Sen. Johnny Isakson, R-Ga., is chairman of the Senate Committee on Veterans’ Affairs and he is committed to our veterans. He understands the predicament we, civilians, put our veterans through upon their arrival. When Isakson became chairman of the U.S. Senate Committee on Veterans’ Affairs at the start of 2015, he made a personal commitment to work with anyone willing to fix the problems at the VA. And that is the type of initiative that one needs to see to acknowledge that work is being done. There will always be this type of committed work outstanding, but as long as we have honest, hardworking people in appointed power, the advancements will chip away at the need.
Isakson states that since holding that title, progress has been made. In 2017, “positive productive and bipartisan progress” has been made that has overshadowed years in the past.
Last year, the Senate has added ten major pieces of veterans legislation, all of which have been signed into law. This type of work has helped reform the VA and strengthen veterans’ health care, benefits and support. This is monumental as it worth talking about.
Isakson goes on to say that, “We have one of the most bipartisan and productive committees in the Senate. Every single member of our committee, (within the Veterans’ Affairs committee) Republican and Democrat alike, have put aside partisan differences and worked together on behalf of our nation’s veterans.” This is also really important to note because that means that lawmakers are working together despite their differences and this is an incredible show of progress and maturity.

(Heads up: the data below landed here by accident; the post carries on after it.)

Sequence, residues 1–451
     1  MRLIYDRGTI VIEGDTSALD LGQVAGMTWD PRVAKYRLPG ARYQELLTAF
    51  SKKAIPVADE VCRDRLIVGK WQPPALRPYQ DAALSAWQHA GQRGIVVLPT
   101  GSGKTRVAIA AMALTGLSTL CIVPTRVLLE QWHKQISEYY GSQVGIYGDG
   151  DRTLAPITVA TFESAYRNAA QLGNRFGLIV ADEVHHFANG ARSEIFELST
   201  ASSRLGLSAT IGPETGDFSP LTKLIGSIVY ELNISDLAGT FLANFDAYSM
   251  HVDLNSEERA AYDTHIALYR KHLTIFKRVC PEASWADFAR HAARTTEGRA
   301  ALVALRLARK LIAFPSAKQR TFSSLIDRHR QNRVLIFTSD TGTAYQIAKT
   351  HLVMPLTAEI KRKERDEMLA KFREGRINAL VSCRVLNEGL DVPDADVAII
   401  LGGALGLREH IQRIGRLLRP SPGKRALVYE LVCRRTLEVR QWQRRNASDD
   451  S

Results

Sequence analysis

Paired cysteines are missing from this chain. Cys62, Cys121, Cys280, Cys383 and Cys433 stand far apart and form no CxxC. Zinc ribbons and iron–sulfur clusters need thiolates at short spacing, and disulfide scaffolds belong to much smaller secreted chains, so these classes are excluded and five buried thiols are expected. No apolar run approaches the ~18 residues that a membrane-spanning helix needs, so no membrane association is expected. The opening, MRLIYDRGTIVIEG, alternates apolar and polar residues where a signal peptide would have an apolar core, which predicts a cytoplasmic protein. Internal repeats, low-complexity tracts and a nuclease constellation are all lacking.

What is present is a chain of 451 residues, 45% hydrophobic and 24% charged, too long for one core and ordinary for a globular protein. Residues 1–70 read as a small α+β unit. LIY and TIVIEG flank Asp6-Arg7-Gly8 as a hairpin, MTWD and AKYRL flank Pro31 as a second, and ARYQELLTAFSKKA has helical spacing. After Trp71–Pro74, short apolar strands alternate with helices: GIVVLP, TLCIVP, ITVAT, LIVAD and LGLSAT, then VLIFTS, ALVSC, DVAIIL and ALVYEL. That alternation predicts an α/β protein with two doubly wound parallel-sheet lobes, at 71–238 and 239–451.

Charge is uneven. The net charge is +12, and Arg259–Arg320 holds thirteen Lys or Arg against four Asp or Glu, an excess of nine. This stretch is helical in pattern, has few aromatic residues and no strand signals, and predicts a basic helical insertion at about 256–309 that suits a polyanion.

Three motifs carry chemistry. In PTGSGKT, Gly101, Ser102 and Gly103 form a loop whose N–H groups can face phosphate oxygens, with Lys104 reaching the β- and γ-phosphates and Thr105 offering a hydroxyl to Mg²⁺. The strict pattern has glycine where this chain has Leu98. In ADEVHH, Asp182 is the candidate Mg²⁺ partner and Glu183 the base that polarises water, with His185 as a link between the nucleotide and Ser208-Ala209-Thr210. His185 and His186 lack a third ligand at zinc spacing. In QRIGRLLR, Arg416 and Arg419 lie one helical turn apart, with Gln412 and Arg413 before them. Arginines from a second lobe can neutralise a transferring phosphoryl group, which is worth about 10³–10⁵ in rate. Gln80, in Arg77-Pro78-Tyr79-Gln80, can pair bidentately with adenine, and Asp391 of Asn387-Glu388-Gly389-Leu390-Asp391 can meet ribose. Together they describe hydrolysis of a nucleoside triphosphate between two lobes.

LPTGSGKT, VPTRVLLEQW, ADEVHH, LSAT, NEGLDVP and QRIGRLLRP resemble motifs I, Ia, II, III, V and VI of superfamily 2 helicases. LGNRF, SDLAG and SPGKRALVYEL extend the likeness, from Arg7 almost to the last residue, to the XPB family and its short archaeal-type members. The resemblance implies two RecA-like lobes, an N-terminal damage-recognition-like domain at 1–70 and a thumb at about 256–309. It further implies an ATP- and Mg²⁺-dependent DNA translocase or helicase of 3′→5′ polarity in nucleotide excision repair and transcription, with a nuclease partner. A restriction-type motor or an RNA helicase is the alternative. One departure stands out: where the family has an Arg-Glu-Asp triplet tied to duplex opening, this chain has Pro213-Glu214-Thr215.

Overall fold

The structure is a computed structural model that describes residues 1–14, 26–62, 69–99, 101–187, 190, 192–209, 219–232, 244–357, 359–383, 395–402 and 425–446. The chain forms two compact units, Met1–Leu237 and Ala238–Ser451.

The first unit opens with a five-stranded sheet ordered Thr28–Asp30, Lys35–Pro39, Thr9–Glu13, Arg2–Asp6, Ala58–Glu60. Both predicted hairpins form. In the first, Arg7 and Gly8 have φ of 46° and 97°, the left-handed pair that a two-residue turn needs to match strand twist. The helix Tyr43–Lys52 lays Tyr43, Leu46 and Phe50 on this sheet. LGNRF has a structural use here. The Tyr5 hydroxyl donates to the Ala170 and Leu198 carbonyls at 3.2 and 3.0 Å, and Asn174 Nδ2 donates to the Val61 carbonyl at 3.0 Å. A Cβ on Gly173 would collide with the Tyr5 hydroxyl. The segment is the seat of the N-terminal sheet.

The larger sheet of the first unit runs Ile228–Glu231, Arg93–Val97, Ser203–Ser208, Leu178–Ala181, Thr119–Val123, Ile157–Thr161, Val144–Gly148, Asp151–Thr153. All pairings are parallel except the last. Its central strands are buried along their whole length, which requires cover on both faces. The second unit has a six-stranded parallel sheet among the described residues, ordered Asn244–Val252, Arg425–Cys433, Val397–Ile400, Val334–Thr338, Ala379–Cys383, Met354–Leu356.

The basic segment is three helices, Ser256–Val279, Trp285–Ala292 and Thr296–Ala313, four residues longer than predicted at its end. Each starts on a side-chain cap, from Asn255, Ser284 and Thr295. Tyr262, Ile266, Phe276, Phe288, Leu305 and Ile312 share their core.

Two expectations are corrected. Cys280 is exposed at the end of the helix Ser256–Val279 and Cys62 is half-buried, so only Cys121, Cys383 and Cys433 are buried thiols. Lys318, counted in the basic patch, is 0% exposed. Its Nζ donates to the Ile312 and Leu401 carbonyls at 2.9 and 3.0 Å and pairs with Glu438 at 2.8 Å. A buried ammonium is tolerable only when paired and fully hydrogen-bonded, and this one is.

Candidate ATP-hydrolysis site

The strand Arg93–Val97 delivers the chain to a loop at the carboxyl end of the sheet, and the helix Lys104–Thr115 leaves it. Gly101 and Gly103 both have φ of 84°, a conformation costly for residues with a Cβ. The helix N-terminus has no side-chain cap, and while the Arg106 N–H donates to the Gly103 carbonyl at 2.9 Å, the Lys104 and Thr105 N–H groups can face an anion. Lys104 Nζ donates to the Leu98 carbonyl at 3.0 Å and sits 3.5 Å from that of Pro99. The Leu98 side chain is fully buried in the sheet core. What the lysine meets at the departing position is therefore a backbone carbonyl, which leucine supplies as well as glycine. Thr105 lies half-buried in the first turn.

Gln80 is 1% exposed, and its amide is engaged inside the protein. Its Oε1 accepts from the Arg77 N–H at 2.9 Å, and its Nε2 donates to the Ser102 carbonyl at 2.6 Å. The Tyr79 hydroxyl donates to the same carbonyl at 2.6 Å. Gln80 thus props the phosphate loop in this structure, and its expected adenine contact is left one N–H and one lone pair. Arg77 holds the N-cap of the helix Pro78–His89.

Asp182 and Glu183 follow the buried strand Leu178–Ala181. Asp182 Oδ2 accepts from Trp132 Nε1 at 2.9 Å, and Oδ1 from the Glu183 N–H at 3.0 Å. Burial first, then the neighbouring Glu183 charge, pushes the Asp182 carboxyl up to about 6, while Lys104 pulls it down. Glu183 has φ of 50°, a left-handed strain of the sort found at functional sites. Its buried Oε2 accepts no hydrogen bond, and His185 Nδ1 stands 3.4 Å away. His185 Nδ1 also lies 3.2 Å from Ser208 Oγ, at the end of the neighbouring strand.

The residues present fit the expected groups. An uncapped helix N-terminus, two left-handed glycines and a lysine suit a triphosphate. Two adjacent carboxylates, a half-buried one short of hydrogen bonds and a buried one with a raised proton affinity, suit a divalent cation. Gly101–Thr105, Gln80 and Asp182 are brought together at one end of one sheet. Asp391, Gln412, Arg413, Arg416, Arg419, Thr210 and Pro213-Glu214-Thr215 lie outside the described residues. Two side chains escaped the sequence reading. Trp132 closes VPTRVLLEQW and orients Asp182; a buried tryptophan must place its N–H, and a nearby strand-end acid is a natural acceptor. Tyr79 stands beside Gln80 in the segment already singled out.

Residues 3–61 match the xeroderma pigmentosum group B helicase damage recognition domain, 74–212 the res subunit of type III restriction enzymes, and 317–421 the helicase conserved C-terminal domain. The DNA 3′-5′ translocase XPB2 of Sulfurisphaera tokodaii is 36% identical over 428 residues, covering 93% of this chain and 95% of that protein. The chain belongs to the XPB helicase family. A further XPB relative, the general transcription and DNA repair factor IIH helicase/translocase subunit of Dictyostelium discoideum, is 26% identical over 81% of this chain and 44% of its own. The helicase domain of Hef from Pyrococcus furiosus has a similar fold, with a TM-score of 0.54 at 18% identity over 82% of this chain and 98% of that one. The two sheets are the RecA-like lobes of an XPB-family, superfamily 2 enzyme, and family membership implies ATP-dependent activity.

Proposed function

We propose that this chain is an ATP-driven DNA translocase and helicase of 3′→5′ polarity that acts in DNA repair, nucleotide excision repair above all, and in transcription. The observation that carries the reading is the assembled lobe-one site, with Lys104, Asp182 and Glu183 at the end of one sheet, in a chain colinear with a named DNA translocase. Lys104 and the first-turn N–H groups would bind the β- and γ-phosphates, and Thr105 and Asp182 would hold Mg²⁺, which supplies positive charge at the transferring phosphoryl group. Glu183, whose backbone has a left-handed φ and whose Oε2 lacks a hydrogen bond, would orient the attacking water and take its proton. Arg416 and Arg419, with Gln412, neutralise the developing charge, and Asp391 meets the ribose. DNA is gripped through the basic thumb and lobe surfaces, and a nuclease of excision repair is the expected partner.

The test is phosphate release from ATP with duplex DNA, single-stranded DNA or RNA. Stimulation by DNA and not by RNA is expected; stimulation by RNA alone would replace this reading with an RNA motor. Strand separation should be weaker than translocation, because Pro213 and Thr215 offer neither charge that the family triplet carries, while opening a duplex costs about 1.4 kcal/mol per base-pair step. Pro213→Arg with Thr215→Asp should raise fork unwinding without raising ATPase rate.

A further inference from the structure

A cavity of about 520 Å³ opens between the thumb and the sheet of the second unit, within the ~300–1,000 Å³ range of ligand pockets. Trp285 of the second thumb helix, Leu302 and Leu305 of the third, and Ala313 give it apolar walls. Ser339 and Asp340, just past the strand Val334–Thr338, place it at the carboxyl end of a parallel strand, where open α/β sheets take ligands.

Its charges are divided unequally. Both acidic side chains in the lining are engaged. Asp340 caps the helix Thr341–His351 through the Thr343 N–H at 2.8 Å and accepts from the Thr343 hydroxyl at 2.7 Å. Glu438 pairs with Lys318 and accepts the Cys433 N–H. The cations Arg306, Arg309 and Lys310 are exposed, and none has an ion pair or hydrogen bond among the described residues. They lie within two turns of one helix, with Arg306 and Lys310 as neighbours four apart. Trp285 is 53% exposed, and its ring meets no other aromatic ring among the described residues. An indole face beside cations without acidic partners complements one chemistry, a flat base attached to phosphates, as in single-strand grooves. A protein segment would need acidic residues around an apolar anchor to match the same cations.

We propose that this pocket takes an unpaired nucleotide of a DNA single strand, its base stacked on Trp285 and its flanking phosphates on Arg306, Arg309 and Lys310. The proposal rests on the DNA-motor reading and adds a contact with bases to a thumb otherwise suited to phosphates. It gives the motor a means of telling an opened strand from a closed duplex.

Some of the newer legislation has improved veterans’ lives. Here are a few examples: “Veterans Affairs Accountability and Whistleblower Protection Act,” we’ve given VA’s leaders the tools to remove poor-performing or negligent employees. This is important because prior to the bill being made, there wasn’t any real sense of protection for either party. Another example is this: “The Enhancing Veteran Care Act” authorizes VA to contract with non-profits that accredit health care organizations to investigate VA medical centers and improve accountability. With the “Veterans Appeals Improvement and Modernization Act,” we’re working to break down bureaucratic barriers and help develop an improved, more responsive and quicker system for veterans. Lastly, the “VA Prescription Drug Accountability Act” allows the VA to take every necessary precaution to ensure patients are aware of the dangers of opioid addiction by sharing patient information with state prescription monitoring programs.
All of these changes have exponentially helped our veterans and consequently their families. In closing, Isakson states that “At the start of 2017, senators on the VA Committee vowed to find common ground on behalf of veterans, and we have significant, positive results to show for it. We still have work to do, but we are heading in the right direction.”